Friday, 23 October 2009

Up the Arun

Today I rowed up the River Arun with Chris Waite, he in his self-designed and self-built skiff Octavia and me rather apologetically in my boughten skiff Snarleyow. Mind, I have done so much work on her over the years she feels self-built. Today I took out for the first time a pair of blades that I had taken back to the bare wood, glued where it had split and repainted. They looked very good but I suspect the paint is not as good as the price would have indicated.
I have rowed up the Arun from Littlehampton to Arundel before, but never beyond Arundel. The town seems to have turned its back on the river, and there are no easy places to launch.
Chris Waite took me to a point just south of the town where we could slide our boats down a rather alarmingly steep bank and into the water. There was a flat space just wide enough to plant a boot next to the water, so getting in the boat was a bit iffy, but I managed it without falling in (this time).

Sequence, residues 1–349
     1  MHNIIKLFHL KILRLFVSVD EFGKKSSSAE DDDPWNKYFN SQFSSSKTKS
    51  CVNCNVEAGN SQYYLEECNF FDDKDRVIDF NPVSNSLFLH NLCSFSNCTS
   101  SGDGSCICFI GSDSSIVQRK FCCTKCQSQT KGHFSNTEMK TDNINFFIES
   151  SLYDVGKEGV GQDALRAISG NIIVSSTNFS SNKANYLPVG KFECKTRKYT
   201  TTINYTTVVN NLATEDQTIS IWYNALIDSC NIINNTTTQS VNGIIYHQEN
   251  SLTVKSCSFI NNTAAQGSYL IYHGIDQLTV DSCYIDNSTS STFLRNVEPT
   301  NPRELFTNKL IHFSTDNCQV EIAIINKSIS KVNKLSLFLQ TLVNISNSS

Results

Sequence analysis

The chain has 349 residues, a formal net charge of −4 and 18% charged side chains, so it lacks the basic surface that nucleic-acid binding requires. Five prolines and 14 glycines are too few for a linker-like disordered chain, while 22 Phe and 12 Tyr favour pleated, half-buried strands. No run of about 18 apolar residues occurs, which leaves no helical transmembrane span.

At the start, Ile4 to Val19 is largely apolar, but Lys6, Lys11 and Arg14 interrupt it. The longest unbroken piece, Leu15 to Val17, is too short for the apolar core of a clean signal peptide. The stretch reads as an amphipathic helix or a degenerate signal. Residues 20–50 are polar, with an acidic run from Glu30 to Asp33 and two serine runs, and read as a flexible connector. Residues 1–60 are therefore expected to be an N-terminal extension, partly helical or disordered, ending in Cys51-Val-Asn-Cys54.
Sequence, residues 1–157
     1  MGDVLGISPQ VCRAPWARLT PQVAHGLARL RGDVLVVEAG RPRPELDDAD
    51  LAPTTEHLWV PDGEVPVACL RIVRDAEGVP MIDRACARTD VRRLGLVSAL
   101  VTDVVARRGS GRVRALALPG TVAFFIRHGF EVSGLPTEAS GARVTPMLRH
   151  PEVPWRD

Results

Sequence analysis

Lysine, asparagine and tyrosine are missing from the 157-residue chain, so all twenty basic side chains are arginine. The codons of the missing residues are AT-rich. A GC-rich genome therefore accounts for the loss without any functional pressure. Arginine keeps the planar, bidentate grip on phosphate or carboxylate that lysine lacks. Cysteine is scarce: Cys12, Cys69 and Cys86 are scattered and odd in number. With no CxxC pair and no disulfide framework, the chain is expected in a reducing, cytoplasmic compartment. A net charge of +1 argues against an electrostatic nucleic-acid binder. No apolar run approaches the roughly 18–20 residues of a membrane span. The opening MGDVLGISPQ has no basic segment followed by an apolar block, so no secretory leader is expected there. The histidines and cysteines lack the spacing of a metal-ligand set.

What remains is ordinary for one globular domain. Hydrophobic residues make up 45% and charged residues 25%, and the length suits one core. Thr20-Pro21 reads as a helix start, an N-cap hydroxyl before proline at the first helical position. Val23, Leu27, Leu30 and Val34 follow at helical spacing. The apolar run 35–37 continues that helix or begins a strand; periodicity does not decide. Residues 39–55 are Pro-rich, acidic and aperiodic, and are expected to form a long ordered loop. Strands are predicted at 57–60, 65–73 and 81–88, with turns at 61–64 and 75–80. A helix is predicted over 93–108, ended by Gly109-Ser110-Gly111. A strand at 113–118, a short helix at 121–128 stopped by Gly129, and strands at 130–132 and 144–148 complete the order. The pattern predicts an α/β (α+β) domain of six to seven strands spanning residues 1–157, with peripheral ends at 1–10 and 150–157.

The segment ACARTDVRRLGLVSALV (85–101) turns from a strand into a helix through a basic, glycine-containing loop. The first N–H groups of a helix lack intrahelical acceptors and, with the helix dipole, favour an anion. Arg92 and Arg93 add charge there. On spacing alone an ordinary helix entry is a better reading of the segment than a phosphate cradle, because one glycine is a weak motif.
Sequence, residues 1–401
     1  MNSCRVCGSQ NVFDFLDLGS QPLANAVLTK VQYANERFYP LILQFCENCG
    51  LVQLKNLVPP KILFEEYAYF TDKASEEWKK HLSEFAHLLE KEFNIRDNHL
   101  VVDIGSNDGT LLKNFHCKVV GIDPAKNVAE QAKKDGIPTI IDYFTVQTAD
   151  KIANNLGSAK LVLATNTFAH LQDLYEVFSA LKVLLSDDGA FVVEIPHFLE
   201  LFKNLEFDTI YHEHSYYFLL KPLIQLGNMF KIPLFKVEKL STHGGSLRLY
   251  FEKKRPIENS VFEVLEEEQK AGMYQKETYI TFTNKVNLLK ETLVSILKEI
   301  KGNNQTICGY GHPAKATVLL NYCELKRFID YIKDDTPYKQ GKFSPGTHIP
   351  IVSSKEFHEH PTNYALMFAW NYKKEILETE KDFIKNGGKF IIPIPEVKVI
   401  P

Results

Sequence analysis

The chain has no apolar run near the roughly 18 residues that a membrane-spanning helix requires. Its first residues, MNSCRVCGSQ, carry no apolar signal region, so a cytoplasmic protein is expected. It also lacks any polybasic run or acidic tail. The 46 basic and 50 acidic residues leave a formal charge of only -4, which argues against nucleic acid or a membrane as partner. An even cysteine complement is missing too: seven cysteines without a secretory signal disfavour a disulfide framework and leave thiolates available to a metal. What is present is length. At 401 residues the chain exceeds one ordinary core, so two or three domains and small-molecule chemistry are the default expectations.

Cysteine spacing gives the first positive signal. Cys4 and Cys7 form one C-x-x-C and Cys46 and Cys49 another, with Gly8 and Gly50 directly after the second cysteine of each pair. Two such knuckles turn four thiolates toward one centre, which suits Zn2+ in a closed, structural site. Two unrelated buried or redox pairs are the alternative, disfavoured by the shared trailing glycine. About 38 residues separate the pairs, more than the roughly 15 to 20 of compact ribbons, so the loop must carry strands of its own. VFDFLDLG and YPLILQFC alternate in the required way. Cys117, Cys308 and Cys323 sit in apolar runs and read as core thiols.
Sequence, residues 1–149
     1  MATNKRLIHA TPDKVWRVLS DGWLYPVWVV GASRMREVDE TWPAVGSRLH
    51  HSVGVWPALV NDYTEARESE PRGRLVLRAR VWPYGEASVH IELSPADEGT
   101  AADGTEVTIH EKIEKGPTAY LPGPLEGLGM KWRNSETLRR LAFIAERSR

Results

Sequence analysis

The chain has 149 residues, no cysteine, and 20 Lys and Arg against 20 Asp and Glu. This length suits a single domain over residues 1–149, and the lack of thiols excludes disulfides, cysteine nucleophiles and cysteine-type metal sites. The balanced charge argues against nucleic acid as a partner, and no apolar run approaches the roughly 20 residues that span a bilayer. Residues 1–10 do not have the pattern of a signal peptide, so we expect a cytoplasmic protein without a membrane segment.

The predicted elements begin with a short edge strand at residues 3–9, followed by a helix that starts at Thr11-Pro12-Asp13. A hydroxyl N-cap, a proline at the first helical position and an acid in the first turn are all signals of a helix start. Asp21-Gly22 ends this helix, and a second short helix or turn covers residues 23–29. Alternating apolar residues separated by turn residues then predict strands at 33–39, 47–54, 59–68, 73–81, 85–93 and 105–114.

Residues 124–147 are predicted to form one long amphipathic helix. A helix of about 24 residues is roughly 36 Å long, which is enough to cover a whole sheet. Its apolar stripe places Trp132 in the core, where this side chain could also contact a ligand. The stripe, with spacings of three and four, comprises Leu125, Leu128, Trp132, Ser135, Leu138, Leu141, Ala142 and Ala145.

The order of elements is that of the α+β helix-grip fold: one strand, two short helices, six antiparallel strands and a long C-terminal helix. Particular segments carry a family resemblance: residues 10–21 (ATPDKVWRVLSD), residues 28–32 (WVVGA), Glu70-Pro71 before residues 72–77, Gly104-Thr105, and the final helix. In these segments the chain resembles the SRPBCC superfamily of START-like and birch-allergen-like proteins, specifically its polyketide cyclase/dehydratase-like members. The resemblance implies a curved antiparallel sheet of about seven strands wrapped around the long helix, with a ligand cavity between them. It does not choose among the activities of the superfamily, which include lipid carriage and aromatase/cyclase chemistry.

We rowed gently upstream, swept up by the tide. The picture above shows Chris shooting the rather narrow bridge at Arundel stern-first, so he could see where he was going.
The river north of Arundel is lovely, in contrast to the dull line of flood defences to the south. The banks are reedy, and tree-lined hills sweep down to the river.
At the Black Rabbit pub, Chris asked the punters sitting on the bank for some butter to anoint his rowlocks.
We turned at the bridge at Amberley, where Chris met a friend of his who lives on a cabin cruiser. They park it at Amberley for the summer and retreat to the marina at Littlehampton for the winter, to avoid the floods.
We had miscalculated the tides, so instead of hitting Amberley Bridge at the top and being lazily swept back down on the ebb, we had to fight our way back against both tide and wind. Good exercise, but we were back later than we expected after our round trip of about 12 miles. The sun was sinking on the horizon when we got back to Arundel Castle, owned by the same family since 1138.
We took the boats out on the new pontoon just below Arundel Bridge just after five, and the bloke who runs it came out to admire the boats and say he was not going to charge us. What a nice guy.

The scandalous lack of any place to launch a boat in Arundel may be supplied soon. The Duke may be making a site for a slipway available close to the castle car park. If it comes to pass, it will be absolutely wonderful to be able to row this lovely river without risking an involuntary bath.

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